Here, the portrayal of Malala Yousafzai and the American ambassador’s assurance of helping her country reminds us of the “White Savior Complex,” whereby the NYT’s specific portrayal is not only representing and “saving” brown women, but we also see the ‘re-presentation’ of Gayatri Spivak’s sentence that she crafted about 30 years ago, i.e., “White men are saving brown women from brown men” (92). In other words, once again, we are back to the situation where white people are using brown women for advancing their imperial missions of civilization. I can explain this situation better with the help of an example about the NYT’s coverage of Malala Yousafzai after the shooting incident.
After the shooting attack on Malala by a Taliban gunman, the NYT, like other newspapers, had extensive coverage of her. The NYT editorialized Malala several times; famous columnist Nicholas Kristof, former British prime minister Gordon Brown, and Adam B. Ellick all contributed op-eds. Besides covering the news of Yousafzai’s recovery in the UK, her doctors’ views on her surgery, and protests in Pakistan in the support of Malala, the NYT had a considerable coverage of Yousafzai’s first public appearance after the shooting incident at the United Nations in New York where she addressed a Youth Assembly on her sixteenth birthday in July 2013. However, the NYT offered no coverage of Malala Yousafzai’s second visit to United Nations in September in the same year where she addressed the Global Education First initiative. Arguing against the War on Terror, in this address Malala pleaded to fight terrorism through education. In order to elucidate my point, I would like you to see this clip from her address:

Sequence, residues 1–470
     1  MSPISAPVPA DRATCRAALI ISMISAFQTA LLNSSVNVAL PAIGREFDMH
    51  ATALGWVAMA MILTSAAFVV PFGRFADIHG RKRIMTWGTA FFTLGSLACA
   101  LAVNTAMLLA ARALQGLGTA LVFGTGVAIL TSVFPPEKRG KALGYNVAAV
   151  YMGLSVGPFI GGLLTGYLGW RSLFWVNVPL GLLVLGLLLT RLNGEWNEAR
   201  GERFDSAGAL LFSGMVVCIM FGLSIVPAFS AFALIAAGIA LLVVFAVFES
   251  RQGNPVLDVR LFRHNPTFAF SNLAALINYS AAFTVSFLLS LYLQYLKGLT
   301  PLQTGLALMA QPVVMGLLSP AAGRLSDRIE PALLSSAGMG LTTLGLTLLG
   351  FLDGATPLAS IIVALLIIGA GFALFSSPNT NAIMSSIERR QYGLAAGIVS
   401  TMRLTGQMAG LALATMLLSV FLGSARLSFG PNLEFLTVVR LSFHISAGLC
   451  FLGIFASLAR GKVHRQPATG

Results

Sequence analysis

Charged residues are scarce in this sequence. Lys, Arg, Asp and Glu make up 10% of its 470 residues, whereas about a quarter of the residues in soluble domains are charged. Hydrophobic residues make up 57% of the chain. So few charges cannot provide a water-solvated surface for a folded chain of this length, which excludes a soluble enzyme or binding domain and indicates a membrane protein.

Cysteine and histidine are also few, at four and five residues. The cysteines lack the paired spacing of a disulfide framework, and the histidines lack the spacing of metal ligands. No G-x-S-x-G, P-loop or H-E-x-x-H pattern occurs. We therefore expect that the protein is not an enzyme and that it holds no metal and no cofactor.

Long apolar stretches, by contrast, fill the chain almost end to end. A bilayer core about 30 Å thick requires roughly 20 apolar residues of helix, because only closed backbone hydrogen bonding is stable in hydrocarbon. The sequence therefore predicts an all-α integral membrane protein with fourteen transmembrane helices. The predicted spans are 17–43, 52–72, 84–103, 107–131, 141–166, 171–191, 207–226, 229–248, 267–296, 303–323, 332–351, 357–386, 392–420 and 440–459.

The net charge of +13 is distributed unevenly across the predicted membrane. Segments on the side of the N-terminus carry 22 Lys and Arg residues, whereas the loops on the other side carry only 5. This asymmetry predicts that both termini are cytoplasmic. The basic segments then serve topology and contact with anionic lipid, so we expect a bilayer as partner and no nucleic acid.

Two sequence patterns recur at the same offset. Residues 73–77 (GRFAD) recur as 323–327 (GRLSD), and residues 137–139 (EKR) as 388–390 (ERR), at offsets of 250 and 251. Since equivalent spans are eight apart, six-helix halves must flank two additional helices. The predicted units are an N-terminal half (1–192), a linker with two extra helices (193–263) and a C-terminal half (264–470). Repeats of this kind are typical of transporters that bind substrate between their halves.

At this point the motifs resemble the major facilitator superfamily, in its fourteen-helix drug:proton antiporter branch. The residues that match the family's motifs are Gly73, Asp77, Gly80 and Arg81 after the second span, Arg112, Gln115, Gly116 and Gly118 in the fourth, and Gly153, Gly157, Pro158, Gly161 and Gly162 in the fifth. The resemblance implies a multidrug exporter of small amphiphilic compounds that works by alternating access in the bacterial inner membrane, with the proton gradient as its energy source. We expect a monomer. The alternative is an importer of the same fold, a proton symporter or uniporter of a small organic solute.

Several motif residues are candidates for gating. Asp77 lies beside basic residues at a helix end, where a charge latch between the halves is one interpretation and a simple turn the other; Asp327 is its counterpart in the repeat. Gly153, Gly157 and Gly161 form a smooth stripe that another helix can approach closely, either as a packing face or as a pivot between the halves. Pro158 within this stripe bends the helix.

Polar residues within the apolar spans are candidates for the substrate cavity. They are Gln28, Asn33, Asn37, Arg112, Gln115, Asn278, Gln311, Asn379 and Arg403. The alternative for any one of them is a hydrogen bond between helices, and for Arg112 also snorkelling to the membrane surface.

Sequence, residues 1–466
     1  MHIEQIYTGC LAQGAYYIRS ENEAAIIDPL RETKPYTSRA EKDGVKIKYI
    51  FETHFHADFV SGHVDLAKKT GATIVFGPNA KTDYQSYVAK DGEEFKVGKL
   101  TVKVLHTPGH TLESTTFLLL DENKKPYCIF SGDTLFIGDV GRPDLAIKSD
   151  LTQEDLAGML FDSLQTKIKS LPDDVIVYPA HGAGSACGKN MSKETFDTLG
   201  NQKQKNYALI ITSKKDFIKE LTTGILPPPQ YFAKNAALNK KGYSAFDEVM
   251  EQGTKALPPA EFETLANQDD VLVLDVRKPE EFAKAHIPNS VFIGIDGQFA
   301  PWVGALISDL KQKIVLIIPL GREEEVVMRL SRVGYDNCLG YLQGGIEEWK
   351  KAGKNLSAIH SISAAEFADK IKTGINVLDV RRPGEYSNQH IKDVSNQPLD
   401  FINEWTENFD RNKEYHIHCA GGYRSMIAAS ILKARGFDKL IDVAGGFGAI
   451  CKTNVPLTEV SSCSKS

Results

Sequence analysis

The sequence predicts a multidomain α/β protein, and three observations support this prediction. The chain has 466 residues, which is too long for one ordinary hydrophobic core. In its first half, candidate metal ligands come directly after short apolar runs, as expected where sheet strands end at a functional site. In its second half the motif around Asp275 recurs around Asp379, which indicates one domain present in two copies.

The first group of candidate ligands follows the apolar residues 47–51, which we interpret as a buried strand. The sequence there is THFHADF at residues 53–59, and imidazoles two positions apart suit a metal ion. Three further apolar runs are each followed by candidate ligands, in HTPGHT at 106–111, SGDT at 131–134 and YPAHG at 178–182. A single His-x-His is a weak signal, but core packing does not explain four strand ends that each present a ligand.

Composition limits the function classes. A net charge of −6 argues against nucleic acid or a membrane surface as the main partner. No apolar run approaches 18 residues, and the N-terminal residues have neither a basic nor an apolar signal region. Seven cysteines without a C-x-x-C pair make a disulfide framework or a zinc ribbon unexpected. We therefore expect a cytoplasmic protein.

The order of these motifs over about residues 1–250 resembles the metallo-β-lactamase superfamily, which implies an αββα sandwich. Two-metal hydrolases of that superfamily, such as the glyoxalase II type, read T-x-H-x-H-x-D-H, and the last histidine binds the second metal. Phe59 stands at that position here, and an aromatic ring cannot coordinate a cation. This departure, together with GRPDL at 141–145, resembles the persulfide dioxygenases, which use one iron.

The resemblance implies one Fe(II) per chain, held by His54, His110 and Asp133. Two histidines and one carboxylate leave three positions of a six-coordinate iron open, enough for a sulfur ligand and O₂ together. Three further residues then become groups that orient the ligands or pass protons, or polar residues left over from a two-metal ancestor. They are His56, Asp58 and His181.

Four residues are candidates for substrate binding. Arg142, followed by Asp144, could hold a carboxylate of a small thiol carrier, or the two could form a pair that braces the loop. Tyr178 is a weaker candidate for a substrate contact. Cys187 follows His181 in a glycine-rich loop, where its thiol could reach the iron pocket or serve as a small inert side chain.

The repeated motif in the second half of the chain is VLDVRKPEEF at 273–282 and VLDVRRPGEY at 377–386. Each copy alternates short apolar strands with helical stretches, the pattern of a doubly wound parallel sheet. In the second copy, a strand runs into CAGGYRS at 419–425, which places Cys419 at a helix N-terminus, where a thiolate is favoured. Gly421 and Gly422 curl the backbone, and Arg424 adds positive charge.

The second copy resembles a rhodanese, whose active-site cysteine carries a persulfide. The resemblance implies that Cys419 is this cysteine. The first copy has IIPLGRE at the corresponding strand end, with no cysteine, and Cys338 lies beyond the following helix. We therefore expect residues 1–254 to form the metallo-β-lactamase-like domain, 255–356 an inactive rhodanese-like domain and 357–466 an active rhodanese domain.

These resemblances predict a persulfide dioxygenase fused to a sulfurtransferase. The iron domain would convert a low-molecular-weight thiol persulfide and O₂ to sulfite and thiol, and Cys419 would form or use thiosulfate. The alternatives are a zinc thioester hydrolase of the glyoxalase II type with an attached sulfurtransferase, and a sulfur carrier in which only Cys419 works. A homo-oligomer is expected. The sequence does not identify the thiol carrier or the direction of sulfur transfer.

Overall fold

Text 5: [Malala speaking] Instead of sending tanks, send pens; instead of sending soldiers, send teachers; instead of sending guns, send pens. Fight terrorism through education. And let me remind you once again that one book, one pen, and one teacher can change the world (“Send Books, not Guns, Malala Pleads at UN,” 00:16-00:41).
Here, Yousafzai’s message is clear, strong, and appealing. Contrary to the fact that various Pakistani newspapers—including Dawn and The Nation—as well as international newspapers—including The Guardian, Al-Jazeera, and The Independent—published Malala’s message, the NYT has yet to find the newsworthiness for the publication of this event. Yousafzai’s clarion call to fight terrorism through education, rather than a so called War on Terror, in this address is not aligned with the political interests of the US, and hence, to the interests of the NYT, whose journalism, according to Edward S. Herman and Noam Chomsky, appears to be highly affected by the propaganda model. At any rate, for a newspaper that has a strong contribution in making Malala Yousafzai known to the world, skipping her coverage when she visited the United Nations in their own backyard, so to speak, is a perfect case in point to elucidate the argument of Malala’s appropriation.